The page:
Jacob in the morning sets up the stone and unsurprisingly calls the place Bethel, literally “house of God” (Genesis 28:19). It would not become a city for many years, but it would play an important role in the history of Israel. Bethel sits on the road north of Jerusalem, but when the kingdom divided, it became a part of the Northern Kingdom. Being so close to the border between the kingdoms, it was essentially the southern point in the same way Beersheba was for the whole kingdom. Jeroboam, therefore, set up one of his golden calves at Bethel (1 Kings 12:29). The place where God had appeared to Jacob therefore became a sin and a snare to Israel. Physical locations where the Lord performs His miracles, however important they may be for salvation history, too often serve as a snare to faith in the same way. “You blind fools! For which is greater, the gold or the temple that has made the gold sacred” (Matthew 23:17)? But Elijah and Elisha set up one of their schools in Bethel and the true worship of God continued even in the midst of idolatry (2 Kings 2:2-3).

Sixth Sunday of Easter: Numbers 21:4-9

That Israel was complaining yet again on the way around Edom in Numbers 21:4-9 is not surprising.  The people have done little other than complain against God and His providence during their journey through the wilderness.  Even their complaint is nothing unusual (finding parallels with passages like Exodus 16:3 and 17:3).

What is unique about this passage is the punishment the Lord sends against them in the form of “fiery serpents.”  The word translated here as “fiery” is related to the word “seraphim” from Isaiah 6:2, which might be translated there literally as “the burning ones.”  But it is not as clear in Numbers 21 what the word is meant to describe.  Is it “fiery” because of their bite, a burning sensation?  Is there something about their appearance which makes them seem like fire?  They do not need to be a miraculous form of snake, since the Lord has shown through the plagues and other similar miracles that He may use even what is “natural” to fulfill His will.  Moses even mentions them in passing in Deuteronomy 8:15 as if they were a normal part of the wilderness.  But they may be related to the flying fiery serpents of Isaiah 14:29 and 30:6.  Nevertheless, the question, while intriguing, does not change much in terms of the point of the passage.

The people recognize their sin and ask for Moses to intercede for them.  Aaron did a similar act earlier in Numbers 16:46-50, when he stood between the dead and the living to make atonement for them.  Exodus 32:11-14 is helpful for understanding such intercession, because it recalls the longsuffering and the mercy of the Lord.  He is the God of Abraham, Isaac, and Jacob, to whom He swore by Himself.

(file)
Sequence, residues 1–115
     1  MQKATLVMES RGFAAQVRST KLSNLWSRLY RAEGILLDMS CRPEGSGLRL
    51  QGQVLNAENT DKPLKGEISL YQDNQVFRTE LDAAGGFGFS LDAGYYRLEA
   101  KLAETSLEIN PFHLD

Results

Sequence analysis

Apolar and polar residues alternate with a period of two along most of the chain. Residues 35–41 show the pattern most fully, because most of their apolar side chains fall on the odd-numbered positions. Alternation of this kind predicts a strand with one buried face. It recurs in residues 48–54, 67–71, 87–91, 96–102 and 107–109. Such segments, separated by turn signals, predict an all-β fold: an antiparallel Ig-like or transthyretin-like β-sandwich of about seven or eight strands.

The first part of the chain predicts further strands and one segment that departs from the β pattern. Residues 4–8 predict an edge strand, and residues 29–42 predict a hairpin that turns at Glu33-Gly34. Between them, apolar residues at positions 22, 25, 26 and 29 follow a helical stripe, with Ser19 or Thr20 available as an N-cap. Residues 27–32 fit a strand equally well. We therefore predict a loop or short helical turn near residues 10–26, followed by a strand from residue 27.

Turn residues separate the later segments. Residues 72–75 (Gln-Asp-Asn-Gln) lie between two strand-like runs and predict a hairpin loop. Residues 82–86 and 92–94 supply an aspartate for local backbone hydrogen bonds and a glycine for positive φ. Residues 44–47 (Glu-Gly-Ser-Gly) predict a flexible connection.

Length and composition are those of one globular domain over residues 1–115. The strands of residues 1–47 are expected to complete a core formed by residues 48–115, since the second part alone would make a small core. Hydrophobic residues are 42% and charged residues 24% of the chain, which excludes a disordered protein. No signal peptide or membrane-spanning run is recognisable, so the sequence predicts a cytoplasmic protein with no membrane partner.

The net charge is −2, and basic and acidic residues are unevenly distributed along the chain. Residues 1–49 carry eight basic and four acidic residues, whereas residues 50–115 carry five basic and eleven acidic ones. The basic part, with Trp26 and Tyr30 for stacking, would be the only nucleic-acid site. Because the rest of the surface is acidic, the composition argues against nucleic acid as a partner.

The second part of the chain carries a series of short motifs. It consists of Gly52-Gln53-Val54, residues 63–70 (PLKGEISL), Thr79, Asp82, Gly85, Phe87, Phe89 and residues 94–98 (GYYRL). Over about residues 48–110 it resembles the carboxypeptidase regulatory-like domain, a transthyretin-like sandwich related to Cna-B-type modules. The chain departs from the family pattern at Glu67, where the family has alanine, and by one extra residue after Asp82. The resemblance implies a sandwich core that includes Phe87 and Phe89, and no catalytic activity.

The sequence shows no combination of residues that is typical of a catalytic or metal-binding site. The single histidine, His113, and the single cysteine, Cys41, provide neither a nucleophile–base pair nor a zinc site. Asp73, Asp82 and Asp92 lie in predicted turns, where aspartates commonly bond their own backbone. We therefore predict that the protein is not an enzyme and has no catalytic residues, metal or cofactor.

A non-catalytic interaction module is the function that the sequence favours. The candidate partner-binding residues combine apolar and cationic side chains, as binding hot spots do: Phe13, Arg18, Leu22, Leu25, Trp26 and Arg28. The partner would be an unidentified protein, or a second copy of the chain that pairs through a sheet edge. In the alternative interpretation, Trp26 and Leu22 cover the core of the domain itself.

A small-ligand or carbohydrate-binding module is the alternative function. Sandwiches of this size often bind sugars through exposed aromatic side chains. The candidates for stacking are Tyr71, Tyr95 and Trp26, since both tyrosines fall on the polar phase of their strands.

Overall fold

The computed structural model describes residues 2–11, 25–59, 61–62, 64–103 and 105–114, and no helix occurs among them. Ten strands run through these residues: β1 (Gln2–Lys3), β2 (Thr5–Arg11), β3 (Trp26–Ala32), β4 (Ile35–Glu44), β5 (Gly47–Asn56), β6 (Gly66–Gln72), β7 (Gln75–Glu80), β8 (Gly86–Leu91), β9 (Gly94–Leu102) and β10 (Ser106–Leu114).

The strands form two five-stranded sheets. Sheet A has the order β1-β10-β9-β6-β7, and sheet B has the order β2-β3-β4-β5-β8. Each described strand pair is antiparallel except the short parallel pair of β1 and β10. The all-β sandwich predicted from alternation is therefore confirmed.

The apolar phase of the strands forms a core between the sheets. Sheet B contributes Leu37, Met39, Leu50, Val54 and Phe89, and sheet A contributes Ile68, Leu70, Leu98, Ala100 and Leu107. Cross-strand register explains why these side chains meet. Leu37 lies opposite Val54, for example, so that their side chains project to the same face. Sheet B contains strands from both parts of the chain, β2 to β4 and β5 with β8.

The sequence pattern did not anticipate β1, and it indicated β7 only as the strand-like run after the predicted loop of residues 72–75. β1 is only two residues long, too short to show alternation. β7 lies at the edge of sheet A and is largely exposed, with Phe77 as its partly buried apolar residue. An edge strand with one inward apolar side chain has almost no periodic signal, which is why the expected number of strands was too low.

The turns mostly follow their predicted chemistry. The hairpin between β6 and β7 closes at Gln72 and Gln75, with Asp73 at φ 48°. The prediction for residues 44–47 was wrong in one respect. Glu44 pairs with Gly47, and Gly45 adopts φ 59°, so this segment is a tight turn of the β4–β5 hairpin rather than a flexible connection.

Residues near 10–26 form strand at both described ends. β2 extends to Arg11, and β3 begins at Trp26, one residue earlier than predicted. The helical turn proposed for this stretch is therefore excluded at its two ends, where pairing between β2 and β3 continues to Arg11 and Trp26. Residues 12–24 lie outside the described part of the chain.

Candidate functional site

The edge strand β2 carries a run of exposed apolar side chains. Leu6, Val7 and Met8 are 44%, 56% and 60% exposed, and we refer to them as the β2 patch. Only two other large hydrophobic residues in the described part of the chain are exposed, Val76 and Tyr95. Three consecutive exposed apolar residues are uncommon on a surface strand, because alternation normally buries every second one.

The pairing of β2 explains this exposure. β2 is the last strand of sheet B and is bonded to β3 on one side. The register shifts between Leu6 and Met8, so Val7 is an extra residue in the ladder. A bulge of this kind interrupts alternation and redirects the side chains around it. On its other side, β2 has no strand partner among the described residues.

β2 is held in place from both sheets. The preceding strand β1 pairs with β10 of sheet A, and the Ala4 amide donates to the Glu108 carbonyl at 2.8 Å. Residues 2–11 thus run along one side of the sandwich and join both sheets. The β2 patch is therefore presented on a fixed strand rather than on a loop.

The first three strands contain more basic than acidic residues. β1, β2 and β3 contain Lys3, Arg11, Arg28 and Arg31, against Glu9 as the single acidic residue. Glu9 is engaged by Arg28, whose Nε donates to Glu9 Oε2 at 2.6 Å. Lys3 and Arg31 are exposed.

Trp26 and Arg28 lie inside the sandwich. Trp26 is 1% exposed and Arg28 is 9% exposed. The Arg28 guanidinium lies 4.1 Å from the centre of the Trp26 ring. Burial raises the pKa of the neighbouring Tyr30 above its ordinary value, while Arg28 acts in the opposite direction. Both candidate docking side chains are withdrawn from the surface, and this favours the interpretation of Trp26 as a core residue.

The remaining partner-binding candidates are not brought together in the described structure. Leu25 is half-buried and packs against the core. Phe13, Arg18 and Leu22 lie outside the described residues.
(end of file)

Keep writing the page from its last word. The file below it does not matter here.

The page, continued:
The Lord commands Moses to fashion a metal image of a snake.  Such a command does not break the law against such images in Exodus 20:4, because it is the Lord who commands it (compare the similar command to test God, normally forbidden, in Isaiah 7:11).  Gazing upon this image carried with it the clear promise of deliverance.  God delivered His people who had faith in Him and His promises, even in the midst of judgment.

Jesus refers to this event while speaking to Nicodemus in John 3:14-15.  As the serpent was raised up, so must the Son of Man be raised up.  As gazing upon the serpent according to the promise delivered men from death, so will the Son of Man deliver those who believe in Him from everlasting death.  The serpent on the pole delivered from a temporal judgment, and Christ on the cross delivers from an eternal judgment.

One must be careful, however, to not turn the serpent on the pole into merely a sermon illustration.  Christ makes a comparison between Himself and the serpent of Moses, not an identification, so to speak.  God delivered His people in a real and very historical way on the way to Edom, and this should not be overlooked.  Christ delivers His people in a greater way, to be sure, and the serpent points to this deliverance.  But if God did not act in history to work a very real, however limited, salvation, then why does the “story” have to be “real”?  The parables are fictional stories which still make spiritual points.  But the Old Testament is not a collection of narratives, so to speak, but an account of God delivering a “real people” through His “real acts” of deliverance in preparation for the great Deliverance in His Son.

One final note about the bronze serpent occurs in 2 Kings 18:4.  Hezekiah tears down that image and destroys it during his religious reforms, because the people had fallen into idolatry, calling it “Nehushtan.”  They had corrupted the clear promise of God for deliverance and perverted it into something God had not intended.  Israel had likely made it into a “god” in its own right, in spite of the clear commandment against it.  But it also shows the very real danger to fall into spiritual security, imagining that God’s promises provide license for sin (compare Jeremiah 7:4).  This is no less a temptation for Christians, who may exalt the love of God so as to extinguish His wrath.